Making Tax Digital for bookkeepers

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MTD (Making Tax Digital) is the largest overhaul of the tax system the UK has ever seen.

The magnitude of the task means that recently, HMRC has seemed to announce that some key parts of the MTD rollout will be slightly delayed.

So what are the key impacts for bookkeepers? What should you be saying to your clients at the moment, and how long do you now have to prepare?

Do you file for clients or do they file for themselves?

“The first key element is to know whether you are filing returns on behalf of a client, or whether clients are filing themselves,” says Brian Palmer, Tax Policy Adviser at AAT and CEO of Tax Policy Advice. “If it’s on behalf, then you will need to set up an agent services account with HMRC .”

If you’re just working with the client’s own software (i.e. they are doing the actual filing themselves, “then as long as the client has been registered with HMRC to file MTD-compatible returns you can proceed as planned,” says Palmer. “Just be sure that your client software – or practice software – is MTD-compliant.”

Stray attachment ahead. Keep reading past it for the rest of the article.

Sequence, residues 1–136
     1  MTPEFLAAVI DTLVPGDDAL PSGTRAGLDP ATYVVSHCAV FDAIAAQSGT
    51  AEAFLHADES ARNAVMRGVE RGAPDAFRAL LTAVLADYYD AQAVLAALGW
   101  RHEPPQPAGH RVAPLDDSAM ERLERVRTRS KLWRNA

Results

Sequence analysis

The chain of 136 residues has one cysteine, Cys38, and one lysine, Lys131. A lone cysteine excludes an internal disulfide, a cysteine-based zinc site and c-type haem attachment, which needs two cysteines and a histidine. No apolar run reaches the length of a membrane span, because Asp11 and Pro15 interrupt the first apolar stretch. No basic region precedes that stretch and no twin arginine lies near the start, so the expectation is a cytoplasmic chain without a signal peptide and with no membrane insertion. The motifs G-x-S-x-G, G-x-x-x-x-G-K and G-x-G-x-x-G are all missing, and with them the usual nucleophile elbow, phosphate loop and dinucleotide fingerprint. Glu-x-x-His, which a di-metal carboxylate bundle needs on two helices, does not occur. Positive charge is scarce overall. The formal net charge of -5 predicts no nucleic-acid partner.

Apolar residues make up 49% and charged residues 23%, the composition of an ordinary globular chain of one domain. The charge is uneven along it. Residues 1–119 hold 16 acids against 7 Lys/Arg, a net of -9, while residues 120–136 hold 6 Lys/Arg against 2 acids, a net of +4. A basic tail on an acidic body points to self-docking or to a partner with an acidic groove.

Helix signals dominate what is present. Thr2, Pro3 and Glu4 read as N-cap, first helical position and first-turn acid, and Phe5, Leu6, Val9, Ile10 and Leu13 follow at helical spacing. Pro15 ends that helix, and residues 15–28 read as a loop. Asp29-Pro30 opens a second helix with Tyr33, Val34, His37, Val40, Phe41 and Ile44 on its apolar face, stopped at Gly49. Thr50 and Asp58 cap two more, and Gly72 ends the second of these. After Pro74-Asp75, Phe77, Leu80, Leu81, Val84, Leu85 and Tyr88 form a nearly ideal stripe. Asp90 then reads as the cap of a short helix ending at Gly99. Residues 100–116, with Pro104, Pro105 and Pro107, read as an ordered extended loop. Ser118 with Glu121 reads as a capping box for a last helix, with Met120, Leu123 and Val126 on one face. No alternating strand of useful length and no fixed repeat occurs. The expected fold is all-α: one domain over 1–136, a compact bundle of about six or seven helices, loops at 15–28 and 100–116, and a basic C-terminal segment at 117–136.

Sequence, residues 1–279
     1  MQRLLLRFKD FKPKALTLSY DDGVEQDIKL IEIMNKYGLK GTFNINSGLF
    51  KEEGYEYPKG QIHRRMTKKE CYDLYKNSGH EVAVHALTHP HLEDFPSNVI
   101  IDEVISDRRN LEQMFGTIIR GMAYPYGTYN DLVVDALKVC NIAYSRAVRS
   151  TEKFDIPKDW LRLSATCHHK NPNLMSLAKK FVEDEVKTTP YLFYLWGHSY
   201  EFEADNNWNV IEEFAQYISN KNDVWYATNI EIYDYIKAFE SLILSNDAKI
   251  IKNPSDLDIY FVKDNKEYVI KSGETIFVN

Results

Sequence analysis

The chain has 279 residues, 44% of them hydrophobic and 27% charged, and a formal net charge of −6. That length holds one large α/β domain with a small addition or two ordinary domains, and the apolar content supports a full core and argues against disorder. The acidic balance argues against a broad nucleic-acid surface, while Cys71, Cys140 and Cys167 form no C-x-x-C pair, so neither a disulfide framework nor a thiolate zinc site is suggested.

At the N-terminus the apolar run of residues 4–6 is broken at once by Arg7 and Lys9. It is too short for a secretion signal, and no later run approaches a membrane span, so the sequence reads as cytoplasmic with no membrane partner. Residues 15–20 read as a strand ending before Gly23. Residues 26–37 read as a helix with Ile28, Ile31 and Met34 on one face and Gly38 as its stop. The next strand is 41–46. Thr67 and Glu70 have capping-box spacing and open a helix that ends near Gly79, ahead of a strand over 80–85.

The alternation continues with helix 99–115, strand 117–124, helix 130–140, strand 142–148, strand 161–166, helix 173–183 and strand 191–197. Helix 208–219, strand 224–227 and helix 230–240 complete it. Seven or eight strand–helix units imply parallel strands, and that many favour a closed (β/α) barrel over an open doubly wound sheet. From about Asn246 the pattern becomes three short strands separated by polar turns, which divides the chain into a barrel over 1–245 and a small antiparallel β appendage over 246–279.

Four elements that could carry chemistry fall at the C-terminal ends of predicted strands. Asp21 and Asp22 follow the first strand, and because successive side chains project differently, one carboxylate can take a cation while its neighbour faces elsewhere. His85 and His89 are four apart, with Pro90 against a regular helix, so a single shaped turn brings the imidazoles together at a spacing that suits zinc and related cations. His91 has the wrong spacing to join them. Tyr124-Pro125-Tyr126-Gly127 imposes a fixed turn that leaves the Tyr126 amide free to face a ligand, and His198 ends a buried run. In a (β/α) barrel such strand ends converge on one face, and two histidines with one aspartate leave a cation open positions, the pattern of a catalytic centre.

Benefits of MTD

There has been “a surprising amount of resistance to MTD given that it makes so much sense,” argues Karen Lowen, Director, Dod-dle. “However, no-one likes change and for the smallest traders keeping records digitally can seem very daunting.” Moving to a digital tax system makes sense in many ways, Lowen argues; “firstly, HMRC systems are becoming somewhat antiquated and have had so many add-ons and changes over the years that it’s about time the whole system is overhauled.